influence the service
department costs
allocated to other
departments.

MANAGEMENT ACCOUNTING 2 127


Autos R Us – An Example
Autos R Us has one service department and three
sales departments, New Cars, Used Cars, and Car
Parts. The service department costs total $80,000
for both years in the example.
Contrary to good practice, Autos R Us allocates the
service department costs based on sales.

MANAGEMENT ACCOUNTING 2 128


Autos R Us – First-year Allocation
Departments
New Used Parts Total
Sales by department $ 1,500,000 $ 900,000 $ 600,000 $ 3,000,000
Percentage of total sales 50% 30% 20% 100%
Allocation of service
department costs $ 40,000 $ 24,000 $ 16,000 $ 80,000

$1,500,000 ÷ $3,000,000 50% of $80,000

In the next year, the manager of the New Cars department


increases sales by $500,000. Sales in the other departments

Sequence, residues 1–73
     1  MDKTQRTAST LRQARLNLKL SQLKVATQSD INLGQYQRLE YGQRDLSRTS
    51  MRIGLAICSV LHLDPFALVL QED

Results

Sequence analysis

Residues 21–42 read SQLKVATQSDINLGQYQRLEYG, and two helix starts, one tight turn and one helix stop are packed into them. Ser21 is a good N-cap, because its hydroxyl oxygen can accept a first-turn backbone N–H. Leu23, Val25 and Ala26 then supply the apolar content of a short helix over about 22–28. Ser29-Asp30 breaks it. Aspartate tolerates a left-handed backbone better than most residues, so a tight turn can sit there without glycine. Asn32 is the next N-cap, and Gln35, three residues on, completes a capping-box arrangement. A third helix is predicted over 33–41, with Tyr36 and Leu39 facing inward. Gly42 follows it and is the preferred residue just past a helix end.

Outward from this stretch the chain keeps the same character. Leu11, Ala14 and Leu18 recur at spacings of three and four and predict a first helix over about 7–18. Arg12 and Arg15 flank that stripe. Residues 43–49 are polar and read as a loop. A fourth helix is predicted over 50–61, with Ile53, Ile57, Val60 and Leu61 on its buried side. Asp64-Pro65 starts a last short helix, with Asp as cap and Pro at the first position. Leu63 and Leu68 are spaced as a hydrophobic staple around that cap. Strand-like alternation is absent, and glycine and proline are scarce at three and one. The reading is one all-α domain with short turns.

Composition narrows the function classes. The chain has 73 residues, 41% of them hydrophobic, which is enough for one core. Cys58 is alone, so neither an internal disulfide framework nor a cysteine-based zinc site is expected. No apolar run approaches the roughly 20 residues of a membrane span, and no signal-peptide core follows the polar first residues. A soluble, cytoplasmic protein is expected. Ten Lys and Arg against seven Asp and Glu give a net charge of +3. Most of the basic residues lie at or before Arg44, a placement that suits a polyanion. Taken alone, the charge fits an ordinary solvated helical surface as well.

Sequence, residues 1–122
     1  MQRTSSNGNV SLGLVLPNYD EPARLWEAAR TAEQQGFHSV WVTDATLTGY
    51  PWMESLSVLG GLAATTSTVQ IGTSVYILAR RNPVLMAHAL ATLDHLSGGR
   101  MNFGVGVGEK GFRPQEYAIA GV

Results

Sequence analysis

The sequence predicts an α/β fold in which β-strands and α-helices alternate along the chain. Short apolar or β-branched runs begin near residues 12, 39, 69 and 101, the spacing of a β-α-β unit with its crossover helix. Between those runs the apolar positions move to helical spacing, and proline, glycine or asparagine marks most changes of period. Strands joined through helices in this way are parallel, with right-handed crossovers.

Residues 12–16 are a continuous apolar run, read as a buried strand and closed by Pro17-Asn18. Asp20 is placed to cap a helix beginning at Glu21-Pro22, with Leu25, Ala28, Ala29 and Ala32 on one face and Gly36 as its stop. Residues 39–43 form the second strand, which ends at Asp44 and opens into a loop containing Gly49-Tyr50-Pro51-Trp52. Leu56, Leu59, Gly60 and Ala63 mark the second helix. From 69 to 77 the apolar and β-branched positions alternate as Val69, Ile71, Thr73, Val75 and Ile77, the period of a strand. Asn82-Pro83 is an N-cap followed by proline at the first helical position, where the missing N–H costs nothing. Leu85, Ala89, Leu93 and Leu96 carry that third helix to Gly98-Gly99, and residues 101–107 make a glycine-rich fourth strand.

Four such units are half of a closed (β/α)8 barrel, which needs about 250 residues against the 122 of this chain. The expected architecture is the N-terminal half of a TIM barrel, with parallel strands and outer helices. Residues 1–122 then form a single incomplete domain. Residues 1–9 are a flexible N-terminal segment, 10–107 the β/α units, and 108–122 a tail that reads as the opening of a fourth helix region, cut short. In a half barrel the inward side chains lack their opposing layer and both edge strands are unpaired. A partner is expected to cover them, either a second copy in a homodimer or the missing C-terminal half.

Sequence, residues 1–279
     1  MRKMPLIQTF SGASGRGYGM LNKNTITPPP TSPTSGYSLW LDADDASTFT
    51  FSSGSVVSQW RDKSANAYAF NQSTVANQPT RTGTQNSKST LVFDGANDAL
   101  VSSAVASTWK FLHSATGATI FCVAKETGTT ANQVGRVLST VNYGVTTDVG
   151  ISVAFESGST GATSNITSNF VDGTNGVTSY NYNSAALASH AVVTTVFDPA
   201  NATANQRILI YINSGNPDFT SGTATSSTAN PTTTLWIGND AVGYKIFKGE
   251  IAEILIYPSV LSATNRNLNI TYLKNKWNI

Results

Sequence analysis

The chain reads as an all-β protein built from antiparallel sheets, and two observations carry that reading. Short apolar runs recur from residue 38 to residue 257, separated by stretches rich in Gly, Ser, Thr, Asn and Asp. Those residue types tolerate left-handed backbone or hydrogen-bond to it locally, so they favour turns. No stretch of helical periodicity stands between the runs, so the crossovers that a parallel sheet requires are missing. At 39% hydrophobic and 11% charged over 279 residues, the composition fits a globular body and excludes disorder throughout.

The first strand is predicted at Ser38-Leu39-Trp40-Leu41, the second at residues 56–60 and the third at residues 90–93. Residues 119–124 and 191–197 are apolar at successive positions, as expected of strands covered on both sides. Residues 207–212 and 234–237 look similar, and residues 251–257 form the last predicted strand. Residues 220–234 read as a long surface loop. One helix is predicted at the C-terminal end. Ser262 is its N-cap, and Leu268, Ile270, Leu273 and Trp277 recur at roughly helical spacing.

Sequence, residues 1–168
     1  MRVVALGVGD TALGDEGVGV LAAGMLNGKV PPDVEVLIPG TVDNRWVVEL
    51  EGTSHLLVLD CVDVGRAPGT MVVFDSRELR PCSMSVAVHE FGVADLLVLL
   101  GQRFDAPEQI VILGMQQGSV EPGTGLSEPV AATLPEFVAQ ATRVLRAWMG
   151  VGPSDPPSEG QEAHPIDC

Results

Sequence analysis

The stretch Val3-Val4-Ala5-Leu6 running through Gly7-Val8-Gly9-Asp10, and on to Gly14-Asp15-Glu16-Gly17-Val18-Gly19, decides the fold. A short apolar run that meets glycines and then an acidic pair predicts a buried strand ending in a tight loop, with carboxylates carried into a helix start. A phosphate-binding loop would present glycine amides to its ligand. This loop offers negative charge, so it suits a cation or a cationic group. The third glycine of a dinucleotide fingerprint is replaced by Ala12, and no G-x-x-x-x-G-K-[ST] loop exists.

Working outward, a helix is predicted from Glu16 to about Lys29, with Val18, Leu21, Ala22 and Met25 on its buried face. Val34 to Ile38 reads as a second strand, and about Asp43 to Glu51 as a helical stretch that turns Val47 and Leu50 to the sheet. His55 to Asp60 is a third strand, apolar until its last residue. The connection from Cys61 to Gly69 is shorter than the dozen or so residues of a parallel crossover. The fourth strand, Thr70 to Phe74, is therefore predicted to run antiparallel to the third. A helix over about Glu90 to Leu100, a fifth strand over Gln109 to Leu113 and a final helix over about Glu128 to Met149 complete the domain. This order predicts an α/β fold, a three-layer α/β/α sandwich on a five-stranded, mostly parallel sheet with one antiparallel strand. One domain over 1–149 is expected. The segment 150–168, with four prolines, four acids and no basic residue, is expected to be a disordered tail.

are unchanged. Let’s allocate the $80,000 service department
cost for the second year given the sales increase.
MANAGEMENT ACCOUNTING 2 129
Autos R Us – Second-year Allocation
Departments
New Used Parts Total
Sales by department $ 2,000,000 $ 900,000 $ 600,000 $ 3,500,000
Percentage of total sales 57% 26% 17% 100%
Allocation of service
department costs $ 45,714 $ 20,571 $ 13,714 $ 80,000

$2,000,000 ÷ $3,500,000 57% of $80,000


If you were the manager of the New Cars department, would
you be happy with the increased service department
costs allocated to your department?
MANAGEMENT ACCOUNTING 2 130
Reference:
◦ Managerial Accounting by Garrison, Noreen and Brewer

MANAGEMENT ACCOUNTING 2 131